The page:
Delhi Capitals assistant coach Shane Watson has said he finds the mental side of the sport "super interesting", adding that he is "obsessed" with it. The former Australian all-rounder added that players might be displaying incredible skills in the nets but once they are in a competitive environment, their "mental environment changes significantly", and this is what he has been trying to study in his long association with the Indian Premier League (IPL).
"I find the mental side of the sport super interesting and I am obsessed with it. The players show incredible skill in the nets when they play without pressure. But once they go into the game, the players' mental environment changes significantly," Watson said on The Delhi Capitals Podcast' on Wednesday. Watson further added that he is looking to pass on the knowledge about the mental aspect of the game to as many cricketers as possible.
"I have spent a lot of time developing my knowledge about this side of the game. Everything is always built around technique. Usually, coaches try to correct players' technique, but there's no chat about mindset and if your mindset is not right, then you won't be able to execute your skills. That's why one of my main focus points as a coach is to pass on the knowledge of the mental side of the sport to as many cricketers as I can."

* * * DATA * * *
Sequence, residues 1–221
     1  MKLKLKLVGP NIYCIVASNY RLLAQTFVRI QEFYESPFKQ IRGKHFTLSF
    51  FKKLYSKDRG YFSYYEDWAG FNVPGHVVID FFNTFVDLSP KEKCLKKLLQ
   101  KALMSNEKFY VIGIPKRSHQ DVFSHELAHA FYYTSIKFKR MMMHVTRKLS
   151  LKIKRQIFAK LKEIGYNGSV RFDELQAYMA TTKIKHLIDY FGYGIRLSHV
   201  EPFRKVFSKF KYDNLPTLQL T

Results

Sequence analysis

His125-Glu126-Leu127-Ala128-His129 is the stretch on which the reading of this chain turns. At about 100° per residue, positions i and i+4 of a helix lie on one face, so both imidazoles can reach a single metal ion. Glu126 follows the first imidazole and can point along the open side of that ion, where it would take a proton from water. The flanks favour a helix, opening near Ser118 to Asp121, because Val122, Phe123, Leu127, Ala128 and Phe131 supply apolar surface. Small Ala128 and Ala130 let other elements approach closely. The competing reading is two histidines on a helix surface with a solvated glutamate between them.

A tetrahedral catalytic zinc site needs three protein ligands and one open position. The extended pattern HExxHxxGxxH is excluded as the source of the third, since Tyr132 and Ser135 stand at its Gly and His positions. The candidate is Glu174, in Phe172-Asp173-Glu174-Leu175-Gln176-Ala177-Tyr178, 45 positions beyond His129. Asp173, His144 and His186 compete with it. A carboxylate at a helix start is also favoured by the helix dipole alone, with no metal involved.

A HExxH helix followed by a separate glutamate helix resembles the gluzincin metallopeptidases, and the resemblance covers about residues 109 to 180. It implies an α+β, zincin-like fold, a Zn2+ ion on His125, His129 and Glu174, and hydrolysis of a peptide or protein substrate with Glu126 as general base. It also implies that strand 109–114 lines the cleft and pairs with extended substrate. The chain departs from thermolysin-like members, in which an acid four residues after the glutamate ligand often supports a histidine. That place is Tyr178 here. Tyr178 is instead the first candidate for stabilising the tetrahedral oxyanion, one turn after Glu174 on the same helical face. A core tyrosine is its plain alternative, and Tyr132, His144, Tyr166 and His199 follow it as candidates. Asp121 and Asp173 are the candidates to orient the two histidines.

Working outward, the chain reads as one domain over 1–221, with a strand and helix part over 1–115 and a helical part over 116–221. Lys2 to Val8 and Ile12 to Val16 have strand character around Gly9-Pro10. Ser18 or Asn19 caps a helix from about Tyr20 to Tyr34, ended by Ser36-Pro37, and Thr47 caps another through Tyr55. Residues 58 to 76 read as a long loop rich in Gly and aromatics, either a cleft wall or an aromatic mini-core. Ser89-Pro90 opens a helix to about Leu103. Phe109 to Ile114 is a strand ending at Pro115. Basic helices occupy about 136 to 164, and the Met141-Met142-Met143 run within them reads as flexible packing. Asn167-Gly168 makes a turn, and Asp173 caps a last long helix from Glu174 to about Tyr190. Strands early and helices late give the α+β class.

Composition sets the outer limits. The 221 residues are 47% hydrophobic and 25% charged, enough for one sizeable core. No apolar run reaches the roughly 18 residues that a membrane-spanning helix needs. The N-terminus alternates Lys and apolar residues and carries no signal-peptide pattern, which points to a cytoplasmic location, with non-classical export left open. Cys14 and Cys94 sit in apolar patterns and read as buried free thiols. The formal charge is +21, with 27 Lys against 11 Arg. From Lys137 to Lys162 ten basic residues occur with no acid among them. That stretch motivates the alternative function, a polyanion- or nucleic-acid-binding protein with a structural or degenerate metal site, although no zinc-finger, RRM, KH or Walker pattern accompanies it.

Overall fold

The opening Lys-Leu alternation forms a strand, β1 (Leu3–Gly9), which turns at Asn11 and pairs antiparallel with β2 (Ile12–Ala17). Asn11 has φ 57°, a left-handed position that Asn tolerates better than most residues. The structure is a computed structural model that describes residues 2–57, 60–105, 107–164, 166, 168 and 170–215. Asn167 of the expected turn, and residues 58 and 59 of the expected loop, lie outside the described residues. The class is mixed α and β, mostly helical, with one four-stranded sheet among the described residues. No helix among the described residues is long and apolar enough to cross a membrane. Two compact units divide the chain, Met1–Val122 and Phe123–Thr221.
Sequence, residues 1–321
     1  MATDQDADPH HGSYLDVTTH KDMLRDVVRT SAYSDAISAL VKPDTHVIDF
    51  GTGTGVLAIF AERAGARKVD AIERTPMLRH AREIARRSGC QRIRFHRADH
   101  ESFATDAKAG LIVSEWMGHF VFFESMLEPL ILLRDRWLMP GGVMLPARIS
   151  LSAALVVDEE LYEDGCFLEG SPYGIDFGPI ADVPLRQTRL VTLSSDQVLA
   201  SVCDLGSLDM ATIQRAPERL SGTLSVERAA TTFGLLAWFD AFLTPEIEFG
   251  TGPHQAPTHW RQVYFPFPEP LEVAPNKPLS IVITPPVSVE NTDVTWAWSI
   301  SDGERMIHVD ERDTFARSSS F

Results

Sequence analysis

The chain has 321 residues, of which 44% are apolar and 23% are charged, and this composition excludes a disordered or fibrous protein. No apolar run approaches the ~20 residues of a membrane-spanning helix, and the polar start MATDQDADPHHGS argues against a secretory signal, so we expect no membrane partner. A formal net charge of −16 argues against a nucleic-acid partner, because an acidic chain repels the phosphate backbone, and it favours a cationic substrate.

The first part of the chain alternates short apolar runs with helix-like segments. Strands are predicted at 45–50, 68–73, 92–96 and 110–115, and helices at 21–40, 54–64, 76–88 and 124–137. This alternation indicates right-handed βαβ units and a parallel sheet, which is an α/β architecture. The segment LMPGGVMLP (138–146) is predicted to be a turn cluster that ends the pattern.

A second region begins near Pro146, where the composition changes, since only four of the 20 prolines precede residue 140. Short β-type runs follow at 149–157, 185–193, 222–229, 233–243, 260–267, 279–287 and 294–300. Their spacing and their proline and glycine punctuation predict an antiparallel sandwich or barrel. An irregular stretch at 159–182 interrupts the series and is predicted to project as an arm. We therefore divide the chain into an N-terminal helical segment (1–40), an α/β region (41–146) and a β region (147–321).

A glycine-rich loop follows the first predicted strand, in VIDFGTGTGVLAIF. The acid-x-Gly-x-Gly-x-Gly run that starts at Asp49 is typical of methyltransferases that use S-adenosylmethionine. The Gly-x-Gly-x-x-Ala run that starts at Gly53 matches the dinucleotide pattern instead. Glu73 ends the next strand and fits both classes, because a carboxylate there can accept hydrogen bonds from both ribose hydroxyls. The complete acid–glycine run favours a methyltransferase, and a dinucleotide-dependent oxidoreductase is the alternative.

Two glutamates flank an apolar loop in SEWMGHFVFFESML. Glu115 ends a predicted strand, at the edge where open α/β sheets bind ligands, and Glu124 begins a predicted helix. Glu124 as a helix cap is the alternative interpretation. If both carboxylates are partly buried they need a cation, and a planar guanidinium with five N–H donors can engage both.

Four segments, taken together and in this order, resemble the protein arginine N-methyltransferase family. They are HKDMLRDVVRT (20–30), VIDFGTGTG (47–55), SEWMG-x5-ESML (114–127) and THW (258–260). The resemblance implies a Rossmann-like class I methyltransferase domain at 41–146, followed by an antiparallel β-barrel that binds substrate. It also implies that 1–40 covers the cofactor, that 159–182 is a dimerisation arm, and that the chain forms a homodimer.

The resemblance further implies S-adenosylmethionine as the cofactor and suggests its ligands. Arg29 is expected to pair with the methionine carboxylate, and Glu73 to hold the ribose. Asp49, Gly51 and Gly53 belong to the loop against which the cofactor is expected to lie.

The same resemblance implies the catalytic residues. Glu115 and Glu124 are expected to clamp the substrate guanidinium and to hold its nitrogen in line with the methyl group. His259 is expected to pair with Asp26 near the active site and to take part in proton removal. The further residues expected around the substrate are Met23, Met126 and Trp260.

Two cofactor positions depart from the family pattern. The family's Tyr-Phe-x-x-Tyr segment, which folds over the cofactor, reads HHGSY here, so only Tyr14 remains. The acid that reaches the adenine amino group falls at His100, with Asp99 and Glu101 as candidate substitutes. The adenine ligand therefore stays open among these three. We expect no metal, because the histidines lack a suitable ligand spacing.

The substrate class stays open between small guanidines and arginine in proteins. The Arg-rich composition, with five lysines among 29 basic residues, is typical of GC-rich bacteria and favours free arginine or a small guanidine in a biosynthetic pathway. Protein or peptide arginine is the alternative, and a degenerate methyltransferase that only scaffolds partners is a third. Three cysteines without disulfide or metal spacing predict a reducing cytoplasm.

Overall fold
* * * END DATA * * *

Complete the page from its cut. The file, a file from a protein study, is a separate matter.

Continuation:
The Australian also spoke about how he has helped Rovman Powell be at his best during this IPL season. "Everyone has an internal dialogue going on in their minds. We are in control of those dialogues, but most of us don't exercise control over those dialogues. Usually, the internal chats are negative thoughts such as fear of failure, don't make that mistake again, you should be better than that and so on and so forth. "But if you want to, you can be in control of your thoughts and redirect them to the right thoughts at the right time, which helps from a performance point of view. Rovman understood that and was able to redirect his thoughts."
Watson also spoke to Powell about defining the best version of himself. "We never really deeply define the best version of ourselves from a mental skills perspective. Working with Rovman and deeply defining his best version helped him. And you could see in the game that he got us home against KKR (Powell scored unbeaten 33 off 16 balls). "He was there to own it when he walked out to bat. He was exactly where he needed to be. In the end, this doesn't guarantee you the results you're looking for, but you've given yourself the best chance and that's exactly what Rovman did."